After nearly a decade away, No Warning return with Torture Culture, a third album that is as scrappy, self-assured, and unrelenting as it was once unthinkably improbable.
No Warning is confrontational, uncompromising, and unapologetic, like the best in hardcore, metal, crossover, and thrash before them, all of which are elements that find their way into their too short but massively important discography.
No Warning’s return jettisons the overly processed fakery of many of their contemporaries in favor of authentic noise, capturing real performances in rich analog tones and back-to-basics crunch without sacrificing modern clarity or power.
Thematically it’s about dwelling in the gutter while furiously clawing toward the light.
The new album is grimy, pulverizing, and antagonistic street punk in a mind-meld with menacing metalcore, comprised of towering riffage, blistering solos, and raw vocals. No Warning don’t so much as borrow hooks from the past as they’ve studied the very essence of what’s come before, from Bay Area thrash metal to New York Hardcore, from post-grunge melody to melancholy balladry and back again, all through their own lens of discontent, simmering noncompliance and stark rage.
Ill Blood (2002) quickly established the band as impossible to ignore contenders within the hardcore punk scene, earning them shows with iconic genre stalwarts like Cro-Mags, Madball, Sick Of It All, and Hatebreed across North America. Praising the band’s “no holds barred attitude and punchy riffs,” tastemaker Noisey observed, “No Warning’s influence solidified Canada’s pin on the hardcore map and got people to recognize Toronto as a destination for the genre.”
Suffer Survive surfaced on Machine Shop Records, a major label imprint cofounded by Linkin Park. Shows with diverse artists like The Used, Papa Roach, and Fear Factory followed, in addition to high-profile spots on major international festivals and on the Projekt Revolution Tour with Korn, Snoop Dogg, Ghostface Killah, and M.O.P. and Downset. All of it put No Warning in front of larger crowds, while at the same time quickly burning out its members with overexposure and a classic case of “too much, too soon.”
While the band went away following a quiet near-dissolution in 2005, the members of No Warning never disappeared. Some of them became in-demand ghostwriters for major artists in the worlds of pop, hip-hop, pop punk, and rock. Hardcore heavyweights Terror recruited guitarist Jordon Posner. No Warning’s singer has been involved with enough projects to warrant a “Top 5 Ben Cook Bands” listicle in Toronto Now, saluting troublemakers Fucked Up, ‘80s inspired pop of Yacht Club, and Cook’s solo alias, Young Guv. No Warning’s 2013 comeback 7”, the fittingly titled Resurrection of the Wolf, saw release through Cook’s own Bad Actors label.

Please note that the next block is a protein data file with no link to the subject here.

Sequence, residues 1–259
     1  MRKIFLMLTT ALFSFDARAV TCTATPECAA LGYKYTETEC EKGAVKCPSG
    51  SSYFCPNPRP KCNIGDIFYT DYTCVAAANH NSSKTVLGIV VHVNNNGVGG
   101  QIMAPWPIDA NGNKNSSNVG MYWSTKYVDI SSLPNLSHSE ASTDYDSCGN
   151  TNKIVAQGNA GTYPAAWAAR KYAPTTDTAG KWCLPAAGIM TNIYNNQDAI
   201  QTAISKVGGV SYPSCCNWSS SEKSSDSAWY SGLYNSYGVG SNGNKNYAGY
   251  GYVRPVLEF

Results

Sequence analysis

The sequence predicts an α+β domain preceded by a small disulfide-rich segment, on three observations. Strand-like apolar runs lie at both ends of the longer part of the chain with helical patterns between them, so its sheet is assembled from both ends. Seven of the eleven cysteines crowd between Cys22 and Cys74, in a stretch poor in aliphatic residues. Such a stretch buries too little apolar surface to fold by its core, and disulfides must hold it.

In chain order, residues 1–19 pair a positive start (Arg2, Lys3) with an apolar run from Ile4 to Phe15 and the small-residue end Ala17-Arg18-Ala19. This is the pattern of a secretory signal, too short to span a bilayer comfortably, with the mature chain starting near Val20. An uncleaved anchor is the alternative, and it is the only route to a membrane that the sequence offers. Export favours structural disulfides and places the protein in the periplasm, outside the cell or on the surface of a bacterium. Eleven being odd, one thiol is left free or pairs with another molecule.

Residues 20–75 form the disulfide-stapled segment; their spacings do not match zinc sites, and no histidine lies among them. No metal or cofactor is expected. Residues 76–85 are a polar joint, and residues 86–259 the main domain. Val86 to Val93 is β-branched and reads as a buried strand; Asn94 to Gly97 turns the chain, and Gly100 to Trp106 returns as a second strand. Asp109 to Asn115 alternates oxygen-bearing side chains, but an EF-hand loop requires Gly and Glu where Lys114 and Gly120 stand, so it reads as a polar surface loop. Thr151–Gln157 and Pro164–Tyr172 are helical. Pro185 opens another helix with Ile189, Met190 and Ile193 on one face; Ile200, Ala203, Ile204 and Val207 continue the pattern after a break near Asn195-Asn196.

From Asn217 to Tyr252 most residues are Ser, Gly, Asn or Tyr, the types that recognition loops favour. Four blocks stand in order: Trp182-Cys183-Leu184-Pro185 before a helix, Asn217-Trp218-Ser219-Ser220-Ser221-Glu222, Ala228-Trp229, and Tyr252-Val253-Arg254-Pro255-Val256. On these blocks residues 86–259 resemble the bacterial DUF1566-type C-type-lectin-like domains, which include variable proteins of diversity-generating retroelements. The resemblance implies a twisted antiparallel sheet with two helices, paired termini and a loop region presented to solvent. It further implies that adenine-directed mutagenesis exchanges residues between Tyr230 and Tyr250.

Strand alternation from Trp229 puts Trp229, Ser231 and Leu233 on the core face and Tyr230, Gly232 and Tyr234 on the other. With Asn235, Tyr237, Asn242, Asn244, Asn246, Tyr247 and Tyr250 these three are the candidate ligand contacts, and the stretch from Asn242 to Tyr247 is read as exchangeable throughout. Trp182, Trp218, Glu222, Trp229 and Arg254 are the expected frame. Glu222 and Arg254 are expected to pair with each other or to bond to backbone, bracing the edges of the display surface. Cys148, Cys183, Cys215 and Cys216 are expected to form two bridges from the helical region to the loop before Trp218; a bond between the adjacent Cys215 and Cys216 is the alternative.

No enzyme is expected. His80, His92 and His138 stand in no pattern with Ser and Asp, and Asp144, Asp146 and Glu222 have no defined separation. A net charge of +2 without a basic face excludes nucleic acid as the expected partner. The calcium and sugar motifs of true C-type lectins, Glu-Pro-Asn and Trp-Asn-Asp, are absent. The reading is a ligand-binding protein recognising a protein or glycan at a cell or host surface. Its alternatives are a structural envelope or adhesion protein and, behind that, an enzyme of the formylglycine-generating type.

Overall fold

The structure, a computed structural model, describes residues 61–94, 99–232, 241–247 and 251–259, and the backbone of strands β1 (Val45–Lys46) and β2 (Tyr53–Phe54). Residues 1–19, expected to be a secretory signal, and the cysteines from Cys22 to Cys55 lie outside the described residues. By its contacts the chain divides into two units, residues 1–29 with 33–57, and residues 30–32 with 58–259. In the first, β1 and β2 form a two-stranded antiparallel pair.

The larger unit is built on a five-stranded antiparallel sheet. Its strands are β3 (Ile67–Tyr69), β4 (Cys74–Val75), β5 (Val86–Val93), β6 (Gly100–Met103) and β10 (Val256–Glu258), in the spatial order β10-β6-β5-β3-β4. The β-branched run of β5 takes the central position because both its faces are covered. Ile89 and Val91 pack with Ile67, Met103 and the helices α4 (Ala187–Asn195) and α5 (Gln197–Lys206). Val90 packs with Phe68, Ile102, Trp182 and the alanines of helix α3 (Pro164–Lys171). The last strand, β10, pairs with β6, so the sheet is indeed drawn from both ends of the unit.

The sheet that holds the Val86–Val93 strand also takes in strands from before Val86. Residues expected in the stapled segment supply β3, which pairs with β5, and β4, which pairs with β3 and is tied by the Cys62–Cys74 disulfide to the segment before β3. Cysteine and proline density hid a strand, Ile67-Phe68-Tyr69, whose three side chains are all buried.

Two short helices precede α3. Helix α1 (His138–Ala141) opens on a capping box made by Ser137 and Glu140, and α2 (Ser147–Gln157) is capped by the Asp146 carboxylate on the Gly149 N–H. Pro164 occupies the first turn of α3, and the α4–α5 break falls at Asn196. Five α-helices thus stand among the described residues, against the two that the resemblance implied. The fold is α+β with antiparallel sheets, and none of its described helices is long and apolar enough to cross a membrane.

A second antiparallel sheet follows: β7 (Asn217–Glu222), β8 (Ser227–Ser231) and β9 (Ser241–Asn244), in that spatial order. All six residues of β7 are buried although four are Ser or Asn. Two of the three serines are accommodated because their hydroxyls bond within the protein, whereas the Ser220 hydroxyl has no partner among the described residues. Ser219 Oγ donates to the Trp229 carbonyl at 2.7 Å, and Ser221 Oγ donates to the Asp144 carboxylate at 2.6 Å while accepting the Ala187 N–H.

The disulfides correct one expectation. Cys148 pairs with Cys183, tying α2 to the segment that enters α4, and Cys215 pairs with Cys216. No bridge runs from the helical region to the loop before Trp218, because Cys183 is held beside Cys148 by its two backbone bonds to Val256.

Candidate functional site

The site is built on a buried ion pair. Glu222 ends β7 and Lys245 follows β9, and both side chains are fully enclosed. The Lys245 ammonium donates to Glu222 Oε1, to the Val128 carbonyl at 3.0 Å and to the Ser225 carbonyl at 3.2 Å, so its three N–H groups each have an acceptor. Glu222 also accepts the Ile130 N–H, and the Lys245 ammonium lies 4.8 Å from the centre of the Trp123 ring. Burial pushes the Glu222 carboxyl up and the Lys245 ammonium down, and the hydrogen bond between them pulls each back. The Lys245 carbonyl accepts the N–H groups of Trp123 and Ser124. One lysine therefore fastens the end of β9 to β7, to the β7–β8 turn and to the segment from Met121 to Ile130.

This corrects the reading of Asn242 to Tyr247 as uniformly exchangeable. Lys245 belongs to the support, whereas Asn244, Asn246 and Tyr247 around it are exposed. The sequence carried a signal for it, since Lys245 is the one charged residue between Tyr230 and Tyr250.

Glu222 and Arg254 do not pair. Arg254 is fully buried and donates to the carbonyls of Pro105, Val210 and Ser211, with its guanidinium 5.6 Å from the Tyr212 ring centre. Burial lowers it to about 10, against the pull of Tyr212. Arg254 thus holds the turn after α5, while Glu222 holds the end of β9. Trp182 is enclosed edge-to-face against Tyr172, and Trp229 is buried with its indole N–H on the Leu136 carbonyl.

The positive interpersonal vibes engendered between Cook, Posner, and fellow longtime No Warning members Matt DeLong (guitar), Ryan Gavel (bass), and Jesse Labovitz (drums) across a series of reunion shows in North America and Europe encouraged them to continue playing together, leading to the new album’s creation.
Drums were tracked near Hamilton, Ontario on Canada’s largest First Nations reserve, Six Nations. The rest of the album was recorded in Toronto’s East End. The band collaborated with engineer/mixer Chris Creglia. Mastering duties fell to Joel Grind, the mastermind and sole official member of neo-thrashers Toxic Holocaust.
Torture Culture is more of a spiritual successor to Ill Blood, following in the tradition of early Cro-Mags, Bad Brains, and Leeway, with the bounce of street metal groove.
None of the industry forces drawing them toward the so-called “mainstream” on their second album are present anymore. The band sounds refreshed and realigned, firmly planted in the sound they started with plus the newfound confidence to incorporate elements of bands like ZZ Top, Black Sabbath, Judas Priest, Scorpions, Ozzy Osbourne, and other giants of late ‘70s and early ‘80s hard rock and heavy metal.
Back in the day, it wasn’t uncommon to see Cro-Mags opening for Venom or Motörhead, or D.R.I. t-shirts at Testament and Exodus shows. That spirit lives on with No Warning, culminating in a freshly modern take on a classic crossover sound that’s as invigorating and cathartic as it is inspiring, angst-ridden, and pissed off.
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